Our Host A Ghost II

A reader commented that he found ‘Our Host A Ghost?’ disappointing. It failed his horripilation test. It seems now I am also somehow responsible for his piloerection – his hair should stand up on the back of his neck. So, what makes a ghost story scary? Does every ghost have to be able to turn its neck 360 degrees? Spew vile words and green vomit and shake our beds violently? Or is our appetite for creepiness only satisfied with overt violence and gore? A bus driver lost in the country roads of Heidelberg inadvertently finding the same life-size crucifix on the same small roundabout three times seemed paranormal enough for those of us in the bus. A thick ancient book with eerie-looking texts so frightening your eyes dared not cast on it in case it sucks out your soul failed to increase his anxiety and stress levels too. The evanescent dust that rose from within the pages only made him yawn. “The guy simply lacks adrenaline,” I heard myself say. Anyone else would have felt their own knees clattering, heart rate and blood pressure skyrocketing, and wet cold palms squirming.

Well, I have many more ghost stories up my sleeves. This one will surely stop him from reading to the end, although I am not sure that is what I want. If Heidelberg doesn’t scare him, Prague will definitely make him cower in his dark corner. After all, what I experienced in April 2004 still haunts me. What I felt – what I encountered – have remained in my dreams since. Since then, my last two visits to Prague by comparison were sedate and uneventful; the Old Town no longer exuded any old charm. It was as if the centuries-old spiritual connections to their other world have been finally severed. Severed by throngs of tourists and ubiquitous modern bars and restaurants. I walked along Charles Bridge in 2017, desperately trying to reconnect with the spirit world – hoping to again feel the presence of King Charles IV and the Habsburg Kings, Maximilian and Rudolf II. All I witnessed were noisy tourists, busy vendors and street performers. I even went to the former Prague Ghetto in Malá Strana, now known as Josefov, named after the Holy Roman Emperor Joseph II. Again, I was disappointed to find rude and rowdy tourists, some were even treading haphazardly on the messy disarray of tomb stones that protrude from the ground like uneven and crooked teeth on decaying gums. They disrespect the dead, lacking sobriety in their eagerness to take snapshots and videos of the final resting place of ten thousand poor souls buried on top of one another.

The Old Jewish Cemetery where I slipped and fell, I think

My first trip to Prague was with The Mrs, Big Sis and mum. A sister joined us from London. We arrived at our host’s apartment building early, after a succinct and entertaining brief on the history of Prague by our taxi driver. In those days, there was no Airbnb. It was also without the convenience of hotels.com and trivago.com. Everything was arranged by London Sis – she being sharp as a tact and most organised when it comes to finding bargains and places of interest for first-time visitors. Our apartment was situated at Malá Strana, i.e. just a stone’s throw away from the old Jewish Cemetery. The taxi driver had told us Golem’s creator was buried there, a rabbi by the name of Judah Loew. Golem was molded from clay and mud in the dead of night to protect the Jewish from anti-Semitic attacks. The creature would lie dormant until the Shem (Hebrew magic word) was whispered and Golem would come alive. The very helpful taxi driver had also handed me some tourism leaflets. One that he said I should not miss was the Ghost Walking Tour through the Old Jewish Town. I promptly folded the leaflet and carefully put it in the right side pocket of my jacket.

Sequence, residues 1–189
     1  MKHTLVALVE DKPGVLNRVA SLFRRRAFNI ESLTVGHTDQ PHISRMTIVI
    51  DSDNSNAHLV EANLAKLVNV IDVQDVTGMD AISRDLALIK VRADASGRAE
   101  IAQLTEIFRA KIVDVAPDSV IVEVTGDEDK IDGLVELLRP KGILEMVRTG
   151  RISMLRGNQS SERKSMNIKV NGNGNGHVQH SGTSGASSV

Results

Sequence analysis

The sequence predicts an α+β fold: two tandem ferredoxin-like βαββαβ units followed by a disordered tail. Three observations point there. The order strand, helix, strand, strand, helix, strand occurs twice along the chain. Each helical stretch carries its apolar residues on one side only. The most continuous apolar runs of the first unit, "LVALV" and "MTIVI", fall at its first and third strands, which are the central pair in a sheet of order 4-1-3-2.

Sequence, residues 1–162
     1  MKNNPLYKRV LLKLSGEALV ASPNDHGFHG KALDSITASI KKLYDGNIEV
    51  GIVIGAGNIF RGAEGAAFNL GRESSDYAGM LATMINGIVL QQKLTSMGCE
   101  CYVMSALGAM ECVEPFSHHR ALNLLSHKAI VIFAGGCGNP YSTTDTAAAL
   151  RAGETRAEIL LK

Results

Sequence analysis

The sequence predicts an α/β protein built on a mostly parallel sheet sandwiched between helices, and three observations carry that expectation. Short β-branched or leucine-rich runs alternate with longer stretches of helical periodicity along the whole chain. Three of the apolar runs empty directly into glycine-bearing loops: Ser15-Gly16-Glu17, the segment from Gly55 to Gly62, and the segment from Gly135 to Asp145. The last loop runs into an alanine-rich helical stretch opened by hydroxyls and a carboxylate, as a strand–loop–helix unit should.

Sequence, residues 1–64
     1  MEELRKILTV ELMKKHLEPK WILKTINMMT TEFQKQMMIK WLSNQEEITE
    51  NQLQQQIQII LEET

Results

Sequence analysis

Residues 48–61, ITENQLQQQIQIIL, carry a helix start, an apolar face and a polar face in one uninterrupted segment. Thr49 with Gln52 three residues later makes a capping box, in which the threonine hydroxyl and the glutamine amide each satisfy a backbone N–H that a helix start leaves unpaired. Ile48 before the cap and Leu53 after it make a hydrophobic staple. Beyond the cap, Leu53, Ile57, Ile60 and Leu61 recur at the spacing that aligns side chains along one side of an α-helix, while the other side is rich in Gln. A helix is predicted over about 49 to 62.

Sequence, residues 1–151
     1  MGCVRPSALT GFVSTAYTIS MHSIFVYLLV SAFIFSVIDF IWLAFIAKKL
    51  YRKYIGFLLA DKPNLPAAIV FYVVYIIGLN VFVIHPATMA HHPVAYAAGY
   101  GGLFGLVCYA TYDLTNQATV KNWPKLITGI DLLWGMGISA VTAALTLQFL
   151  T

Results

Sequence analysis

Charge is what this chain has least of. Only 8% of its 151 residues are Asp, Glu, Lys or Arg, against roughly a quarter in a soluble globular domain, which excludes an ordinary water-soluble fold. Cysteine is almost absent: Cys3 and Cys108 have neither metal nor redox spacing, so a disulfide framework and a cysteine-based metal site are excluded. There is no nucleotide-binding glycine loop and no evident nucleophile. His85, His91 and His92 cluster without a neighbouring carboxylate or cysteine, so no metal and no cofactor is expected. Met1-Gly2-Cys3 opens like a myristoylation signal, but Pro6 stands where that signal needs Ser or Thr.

Prague has seen countless wars since its early beginnings in 850 AD. Countless massacres. Countless beheadings. Countless ghosts, therefore. Many martyred in the name of religion. The story of Jan Hus still reverberates loudly; a visitor cannot miss the monument built in 1915 to commemorate the 500th anniversary of his martyrdom. For a long time safe under the patronage of Wenceslas IV, he lost his head when he lost the support of his king after he righteously denounced the sacrilegious sale of indulgences by the Protestant king during the fraught period of dual papacy. The proceeds were intended to fund the war of the Pisan Pope against the Roman Pope. There were also many wars with their neighbours. During the Thirty Years War, the Swedes looted a lot of treasure from Prague Castle. There was also much looting done by the Nazis. Emperor Rudolf II purportedly collected the nails from Noah’s Ark and a phial of dust from which God created Adam. I wonder who has them today. Maybe the Russians, if the Nazis didn’t get their hands on them? Prague fell under Soviet rule when the communists took over. Prague’s history is littered with too many conflicts and wars, i.e. too many lives torn apart, sacrificed, and destroyed. Too many gruesome deaths. Some of us believe that those who die an untimely death, a reluctant death, an excruciating death or from a treachery become ghosts. Their souls refuse to let go or move on to an afterlife after they perished.

Our host was late by a good 15 minutes. The old man towered over us. He had a crooked nose and a crooked back. His fingers were deformed too, wrecked from a long period of rheumatoid arthritis, I observed. He hunched badly, due to a hearing loss. Perhaps from years of bending down to mouth level, straining to understand what people were saying to him. He wore all black, as if in mourning. He failed to apologise for being late and he did not offer any excuses either. There could be no excuses – back then, Prague was a quiet town, with very few tourists. London Sis was animatedly in deep discussion with him about house rules and what-not when I noticed something very odd. We were standing by the roadside at the bottom of the stone stairs of the apartment building. The late afternoon was turning chilly, and I was glad Big Sis was helping Ma put on her long coat.The sun was coming down onto the gargoyles of the Gothic apartment building casting oblique grotesque shadows on the quiet road when it struck me that the one above us was sneering at me. It was the most hideous creature I had ever since in real life. As I squint up against the setting sun to examine it, it appeared to break from the stone moorings and attempted to take flight. I quickly dismissed it from my mind. “It must be the shadows playing tricks,” I soothed my nerves and refrained myself from telling The Mrs. London Sis caught my attention and gestured that I should be the one to help with Ma’s and Big Sis’ luggages, as our host jangled the bronze keys from his pocket whilst heaving himself up the steps to the apartment.